My last run was 33:35 and the goal for this race was under 33 minutes. Well, we thought my time ended up being almost exactly the same as the last when we checked out the race clock at the end. However, there were so many people, I didn’t cross the start line until a little later than the gun start, so I’m going by the chip time from when I crossed the start and finish. That time was 33:14! Not quite my goal, BUT this course was full of hills whereas the last was completely flat. I’ll take it! And I have another run at the end of the month, so another chance in March to get under 33 minutes. As long as I keep improving and moving forward, I’m definitely happy.
Tomorrow or maybe this evening, I will get my grocery list and pictures of my haul from this weekend posted and finally figure out how much I spent. Pretty sure I went over $100, but I went somewhere I never go and stocked up on some things too. I’ll get to see what I need to work on though.
Anyone else have a race this weekend or soon? What are your goals?
The day after the Alumni Soccer Game, I ran in my third and final mud run of the year.
Scott decided he wanted to do this one too. He told his friend, AJ, and he thought it sounded cool, so he ran it as well. His girlfriend, Kheri, came along and we all had a great time together. In fact, they had such a good time, they decided to run and camp with us at the Xtreme Muck Ruck! That will be another story though.
The week leading up to the race, we had 70 degree weather… on race day, we topped out at probably 45? Maybe less. And luckily enough, the first obstacle was a slide into a water hole. The water was in the 30s! So flippin’ cold.
I only have a few pictures of me during the race, but I also found some pictures of the different obstacles from the Barry County United Way Facebook Page.
After hitting the water, I was so numb, I could barely run/move. My only complaint was that it was far too cold for that kind of water obstacle in the beginning of the race at the end of October. Otherwise, we had all had a blast.
After the race, they provided some lunch for free: hot dogs, chips, coffee, hot chocolate, pop.
After the race, I was talking to Kheri about why I like to race. I don’t run races to win. I don’t think I will ever be the fastest or best athlete. That is completely okay with me. I sign up for races to keep me active, pushing toward my goals and because of the “high” I get afterward.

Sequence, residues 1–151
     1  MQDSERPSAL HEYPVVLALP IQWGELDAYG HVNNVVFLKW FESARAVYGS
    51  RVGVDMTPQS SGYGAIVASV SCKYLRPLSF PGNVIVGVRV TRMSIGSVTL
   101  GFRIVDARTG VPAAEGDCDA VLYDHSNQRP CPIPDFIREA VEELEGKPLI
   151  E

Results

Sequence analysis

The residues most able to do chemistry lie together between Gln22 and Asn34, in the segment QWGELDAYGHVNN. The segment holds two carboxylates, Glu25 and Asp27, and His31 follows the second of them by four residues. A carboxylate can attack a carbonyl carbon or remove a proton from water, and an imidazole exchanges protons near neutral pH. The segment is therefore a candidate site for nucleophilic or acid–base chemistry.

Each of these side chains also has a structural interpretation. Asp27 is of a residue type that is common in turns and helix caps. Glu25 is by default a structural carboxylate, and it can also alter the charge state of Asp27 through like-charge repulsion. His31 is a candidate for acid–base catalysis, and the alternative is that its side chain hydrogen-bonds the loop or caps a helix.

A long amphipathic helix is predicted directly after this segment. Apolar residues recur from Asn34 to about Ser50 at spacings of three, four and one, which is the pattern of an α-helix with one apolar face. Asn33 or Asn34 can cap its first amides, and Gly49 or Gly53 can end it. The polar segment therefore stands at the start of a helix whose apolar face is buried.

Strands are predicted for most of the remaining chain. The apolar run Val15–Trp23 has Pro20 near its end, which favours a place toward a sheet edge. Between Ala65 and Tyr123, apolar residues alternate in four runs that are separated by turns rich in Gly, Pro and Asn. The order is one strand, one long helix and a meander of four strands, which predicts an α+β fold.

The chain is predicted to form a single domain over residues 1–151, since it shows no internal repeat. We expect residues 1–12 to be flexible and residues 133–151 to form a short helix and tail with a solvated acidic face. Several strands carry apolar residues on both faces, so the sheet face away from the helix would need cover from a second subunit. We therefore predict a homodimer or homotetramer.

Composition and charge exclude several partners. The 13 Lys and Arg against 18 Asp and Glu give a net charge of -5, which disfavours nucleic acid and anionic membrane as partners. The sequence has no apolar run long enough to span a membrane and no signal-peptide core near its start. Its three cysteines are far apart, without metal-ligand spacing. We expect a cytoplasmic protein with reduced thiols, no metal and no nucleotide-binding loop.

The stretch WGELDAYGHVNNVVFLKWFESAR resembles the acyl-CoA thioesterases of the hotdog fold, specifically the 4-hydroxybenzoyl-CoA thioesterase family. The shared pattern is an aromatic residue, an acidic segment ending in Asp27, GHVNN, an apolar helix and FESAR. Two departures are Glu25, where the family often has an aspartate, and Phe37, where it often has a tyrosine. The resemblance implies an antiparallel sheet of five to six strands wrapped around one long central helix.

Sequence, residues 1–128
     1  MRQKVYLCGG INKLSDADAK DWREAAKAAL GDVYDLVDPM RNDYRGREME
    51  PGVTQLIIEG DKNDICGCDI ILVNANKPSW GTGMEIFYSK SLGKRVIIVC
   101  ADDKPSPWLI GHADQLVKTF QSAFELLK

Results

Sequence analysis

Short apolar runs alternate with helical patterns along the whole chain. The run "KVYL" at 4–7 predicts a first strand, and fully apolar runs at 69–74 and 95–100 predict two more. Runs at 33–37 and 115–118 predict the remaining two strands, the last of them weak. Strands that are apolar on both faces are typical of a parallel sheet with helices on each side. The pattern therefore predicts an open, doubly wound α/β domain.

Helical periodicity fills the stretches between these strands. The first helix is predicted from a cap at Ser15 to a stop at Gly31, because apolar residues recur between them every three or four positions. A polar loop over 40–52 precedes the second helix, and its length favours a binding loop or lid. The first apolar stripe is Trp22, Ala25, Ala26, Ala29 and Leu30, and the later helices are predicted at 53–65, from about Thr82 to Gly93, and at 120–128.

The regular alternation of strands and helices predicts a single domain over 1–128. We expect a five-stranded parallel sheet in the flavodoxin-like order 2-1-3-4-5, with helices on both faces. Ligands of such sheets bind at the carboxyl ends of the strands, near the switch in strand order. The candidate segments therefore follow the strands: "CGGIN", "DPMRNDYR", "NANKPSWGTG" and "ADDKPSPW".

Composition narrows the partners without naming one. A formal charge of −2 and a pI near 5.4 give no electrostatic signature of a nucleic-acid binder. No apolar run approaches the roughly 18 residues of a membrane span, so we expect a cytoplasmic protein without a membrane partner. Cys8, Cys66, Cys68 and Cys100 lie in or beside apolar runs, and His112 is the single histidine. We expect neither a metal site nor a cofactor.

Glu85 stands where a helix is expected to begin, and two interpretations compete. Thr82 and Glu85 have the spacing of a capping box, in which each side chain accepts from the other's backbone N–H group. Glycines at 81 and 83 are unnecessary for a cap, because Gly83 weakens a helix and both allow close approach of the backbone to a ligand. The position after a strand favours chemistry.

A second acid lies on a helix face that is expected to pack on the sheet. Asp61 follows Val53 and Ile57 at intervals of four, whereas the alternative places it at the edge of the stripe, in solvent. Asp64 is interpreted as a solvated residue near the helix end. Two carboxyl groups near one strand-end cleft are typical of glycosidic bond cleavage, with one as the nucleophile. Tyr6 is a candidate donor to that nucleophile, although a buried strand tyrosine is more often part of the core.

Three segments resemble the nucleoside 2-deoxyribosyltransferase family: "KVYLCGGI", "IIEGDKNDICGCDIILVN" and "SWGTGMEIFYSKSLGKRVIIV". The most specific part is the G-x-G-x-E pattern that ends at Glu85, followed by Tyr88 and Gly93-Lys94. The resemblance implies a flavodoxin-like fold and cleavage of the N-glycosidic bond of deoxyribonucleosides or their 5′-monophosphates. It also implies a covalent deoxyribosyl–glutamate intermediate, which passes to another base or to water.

When I finish a mud run or a race, I feel like I’m on this awesome high the rest of the day. Now, I have never tried drugs, so I really can’t compare, but I think the high I get from racing is better than any drug could ever be. I have a small obsession with watching Intervention and I always feel so sad for how pathetic these people act while on drugs and how much they hurt their families and friends in the process.
Why do drugs when you can race? I feel invincible.
The last week has been tough for me. I’m really lacking in energy and motivation. How do I battle this?
I have a few things that work for me.
- Workout Buddy: A very dear friend who lives just down the street is my running partner. We text each other every night and decide on what time to run in the morning. Occasionally, we run in the evening when morning doesn’t work. Knowing that I have to meet her gives me the push to get out of bed at 4am.
- My Before Picture: Looking at this terrible picture really gives me a boost.
I ask myself… Did you enjoy looking and feeling that way? Do you look good naked? Well, put the damn shoes on and get out the door then!
- Fitocracy: This is my new motivator. It’s a site that allows you to track your workouts and earn points (for what, I don’t really know, bragging rights? I don’t care I just want more!). There are support groups for specific things like Couch-to-5K (c25K), weight lifting, cycling, swimming. You can give people props for their accomplishments. It’s very user friendly and fun to use.
If you are interested in joining, it’s free (there is an upgrade available, but I haven’t looked into it much) and currently has an iPhone app. They recently announced they are working on an Android app, so I’m anxiously awaiting that release.
Another blogger that I thoroughly enjoy is lauraMUSTloseweight.
Could I please look like that someday! She’s single and younger than me, so honestly I think it’s a little easier for her to do what she does. Not that she doesn’t KILL it when she works out, but as a mother of two young boys and wife to basically a man who should be considered a teenager, it’s really really tough sometimes to please everyone and myself. I follow her website, Facebook, Instagram and Youtube. Basically, I think she rocks.
And I’ll leave you with this, because I love this episode of “How I Met Your Mother”…